Alexis Rudman serves as vice president of the National Learning Corporation in Syosset, New York. In her role, she oversees all aspects of the educational material creation process, from researching topics to revising completed texts. Outside of her professional life, Alexis Rudman is a longtime supporter of St. Jude Children’s Research Hospital.
Doctors at St. Jude Children’s Hospital recently discovered new information about antibiotic-resistant infections while treating an infant suffering from leukemia. Throughout the course of the patient’s care, researchers observed mutations that contributed to the prolonged infection by bolstering vancomycin-resistant Enterococcus faecium.
The results of the study were recently published in the scientific journal mBio, documenting the journey of an infant patient whose white blood cells were completely eradicated by the leukemia treatment. The subsequent immuno-compromised state led to a prolonged blood stream infection that could not be wiped out via vancomycin antibiotic treatment. In studying why the infection resisted the drugs, researchers found a genetic mutation they believe was responsible.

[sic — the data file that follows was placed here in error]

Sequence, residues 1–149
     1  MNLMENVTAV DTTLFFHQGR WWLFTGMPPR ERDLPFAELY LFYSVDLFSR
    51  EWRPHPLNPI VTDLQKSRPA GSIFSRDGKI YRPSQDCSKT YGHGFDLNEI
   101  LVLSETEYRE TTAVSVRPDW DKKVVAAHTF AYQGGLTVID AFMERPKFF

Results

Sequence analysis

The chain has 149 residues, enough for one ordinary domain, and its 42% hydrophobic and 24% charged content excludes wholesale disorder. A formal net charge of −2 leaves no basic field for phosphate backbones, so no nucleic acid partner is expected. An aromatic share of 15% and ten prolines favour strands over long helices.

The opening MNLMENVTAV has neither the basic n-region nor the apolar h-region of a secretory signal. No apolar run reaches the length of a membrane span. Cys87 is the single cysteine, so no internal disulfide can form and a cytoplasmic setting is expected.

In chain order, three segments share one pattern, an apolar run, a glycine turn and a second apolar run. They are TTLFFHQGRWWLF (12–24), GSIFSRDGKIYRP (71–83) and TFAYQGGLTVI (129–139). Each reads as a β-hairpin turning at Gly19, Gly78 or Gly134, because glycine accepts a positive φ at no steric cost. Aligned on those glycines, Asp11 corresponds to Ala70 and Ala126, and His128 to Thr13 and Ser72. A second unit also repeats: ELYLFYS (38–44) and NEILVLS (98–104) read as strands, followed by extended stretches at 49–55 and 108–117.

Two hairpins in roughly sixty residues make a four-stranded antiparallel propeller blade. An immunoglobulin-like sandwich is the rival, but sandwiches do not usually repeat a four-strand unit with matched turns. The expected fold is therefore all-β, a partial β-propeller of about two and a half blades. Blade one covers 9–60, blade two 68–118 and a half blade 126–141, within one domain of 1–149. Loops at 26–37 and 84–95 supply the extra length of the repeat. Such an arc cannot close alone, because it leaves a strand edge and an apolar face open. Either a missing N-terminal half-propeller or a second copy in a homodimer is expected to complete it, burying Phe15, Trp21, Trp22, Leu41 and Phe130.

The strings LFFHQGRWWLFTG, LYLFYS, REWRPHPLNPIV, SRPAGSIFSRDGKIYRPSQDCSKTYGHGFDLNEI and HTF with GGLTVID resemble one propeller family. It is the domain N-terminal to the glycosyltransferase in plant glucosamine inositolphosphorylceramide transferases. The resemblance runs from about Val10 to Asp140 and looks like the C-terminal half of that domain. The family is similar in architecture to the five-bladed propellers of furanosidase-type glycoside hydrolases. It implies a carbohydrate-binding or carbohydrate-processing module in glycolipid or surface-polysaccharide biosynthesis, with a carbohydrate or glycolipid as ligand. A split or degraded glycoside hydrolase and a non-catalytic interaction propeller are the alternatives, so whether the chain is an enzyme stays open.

According to the researchers, the mutation activated response pathways that normally are not activated. These pathways give bacteria the opportunity to survive antibiotic attacks through increased levels of alarmone. Once the patient’s white blood cells regenerated, the body was able to fight off the infection.